MOSCOW: The longer natural gas prices remain at record highs in Europe this year, the more markets feel that Russian gas should not be seen as a quick fix to the problem, at least not until the end of this winter.
“Overall gas production in Russia in the three quarters of 2021 was 12% and 2.6% higher than a year ago and in 2019. But that was not enough to immediately increase supply of the EU, “said analysts at Bloomberg NEF said in a note dated Oct. 12.
The fundamentals have changed now. Ronald Smith, executive director and senior oil and gas analyst at Moscow-based BCS Global Markets, told Arab News in an email message: âIn 2021, domestic demand in Russia increased significantly year on year. ‘other. This is at least in part due to weather conditions, as 2020 may have been the hottest year on record and 2021 has been quite close to the 10-year norm. “
“There has been a strong demand to fill home storage in Russia before the start of the heating season on November 1,” Smith added.
Given the circumstances of the pandemic, Putin’s administration did not want to take any risks. As a result, Russia ranked among the “last 5” gas exporters whose overseas shipments in the third quarter of 2021 fell the most in absolute terms compared to the same quarter of 2019, according to a presentation by the U.S. company Cheniere Energy, Inc. at an EIA event on November 16.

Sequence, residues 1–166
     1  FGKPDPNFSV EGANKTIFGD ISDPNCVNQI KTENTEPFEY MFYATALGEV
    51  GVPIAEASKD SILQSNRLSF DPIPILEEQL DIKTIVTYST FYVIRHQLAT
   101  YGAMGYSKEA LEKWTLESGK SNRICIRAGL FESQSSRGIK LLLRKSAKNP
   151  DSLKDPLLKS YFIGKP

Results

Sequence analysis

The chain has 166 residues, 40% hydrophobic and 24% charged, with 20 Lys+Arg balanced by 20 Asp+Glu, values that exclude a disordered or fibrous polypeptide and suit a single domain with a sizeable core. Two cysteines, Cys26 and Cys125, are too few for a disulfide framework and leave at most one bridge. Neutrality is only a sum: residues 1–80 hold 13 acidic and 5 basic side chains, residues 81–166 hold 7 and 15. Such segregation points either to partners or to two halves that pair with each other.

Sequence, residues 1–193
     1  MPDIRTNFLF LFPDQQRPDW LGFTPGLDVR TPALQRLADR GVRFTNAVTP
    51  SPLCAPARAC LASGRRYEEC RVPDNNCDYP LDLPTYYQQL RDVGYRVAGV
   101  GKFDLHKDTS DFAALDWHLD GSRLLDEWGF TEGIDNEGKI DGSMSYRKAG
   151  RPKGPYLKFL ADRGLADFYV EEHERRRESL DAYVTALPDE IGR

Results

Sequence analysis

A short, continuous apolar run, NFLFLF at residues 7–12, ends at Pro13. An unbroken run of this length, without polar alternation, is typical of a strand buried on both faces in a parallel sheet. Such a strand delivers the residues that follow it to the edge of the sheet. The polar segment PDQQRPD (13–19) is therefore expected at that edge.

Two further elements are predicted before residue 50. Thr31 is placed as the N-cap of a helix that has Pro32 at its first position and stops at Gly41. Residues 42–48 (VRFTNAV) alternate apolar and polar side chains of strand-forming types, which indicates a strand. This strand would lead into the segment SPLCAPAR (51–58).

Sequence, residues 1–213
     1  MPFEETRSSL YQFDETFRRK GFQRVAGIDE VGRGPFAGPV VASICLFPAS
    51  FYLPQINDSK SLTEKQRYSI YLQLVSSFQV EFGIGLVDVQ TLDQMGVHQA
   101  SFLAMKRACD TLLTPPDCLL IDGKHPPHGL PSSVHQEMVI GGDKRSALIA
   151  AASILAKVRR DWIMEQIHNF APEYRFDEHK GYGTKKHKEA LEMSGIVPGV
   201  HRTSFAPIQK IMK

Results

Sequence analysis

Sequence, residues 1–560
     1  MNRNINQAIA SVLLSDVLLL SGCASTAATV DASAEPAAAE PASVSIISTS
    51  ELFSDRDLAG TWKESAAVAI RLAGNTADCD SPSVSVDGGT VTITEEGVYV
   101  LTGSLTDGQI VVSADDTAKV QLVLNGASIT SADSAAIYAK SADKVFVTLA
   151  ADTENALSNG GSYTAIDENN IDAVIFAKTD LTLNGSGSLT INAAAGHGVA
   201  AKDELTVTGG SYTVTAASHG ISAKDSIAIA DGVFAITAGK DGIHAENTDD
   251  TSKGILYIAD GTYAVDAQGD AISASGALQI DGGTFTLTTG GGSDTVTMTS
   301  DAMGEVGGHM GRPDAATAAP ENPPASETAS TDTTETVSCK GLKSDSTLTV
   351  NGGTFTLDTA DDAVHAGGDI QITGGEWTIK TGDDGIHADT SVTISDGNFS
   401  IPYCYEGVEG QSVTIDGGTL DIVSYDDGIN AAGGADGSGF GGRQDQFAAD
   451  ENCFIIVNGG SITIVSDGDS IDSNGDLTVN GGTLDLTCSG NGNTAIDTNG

Gazprom is also facing capacity constraints. âThe company currently produces 1.5 billion cubic meters per day. This is effectively 100 percent of the capacity. They might be able to handle 1.55 Gcm / d, but not for very long, and that should be reserved when the weather gets colder, say, -20C in Moscow and -5C in Frankfurt, âSmith said. Arab News.
Responding to Arab News Question of the magnitude of the increase in Gazprom’s shipments to Europe over the next 3 months, if the regulatory problems of Nord Stream 2 had been resolved, the analyst said: “Not much at this stage , unless Gazprom is willing to pull gas from Russian Storage, which is full at the moment.
There seems to be a consensus among industry experts that the high gas prices in Europe this year are the result of a confluence of several factors such as abnormal weather conditions, lower European production, competition with Asia on the limited supply of LNG and the “green push.”
European natural gas spot prices rose 41% in November. On November 30, the Dutch TTF Gas Futures, a European price benchmark, with delivery in January 2022, closed down 1% from the previous day at â¬ 92.5 after jumping more than 5% in the early morning exchanges, according to data from the Intercontinental Exchange, Inc.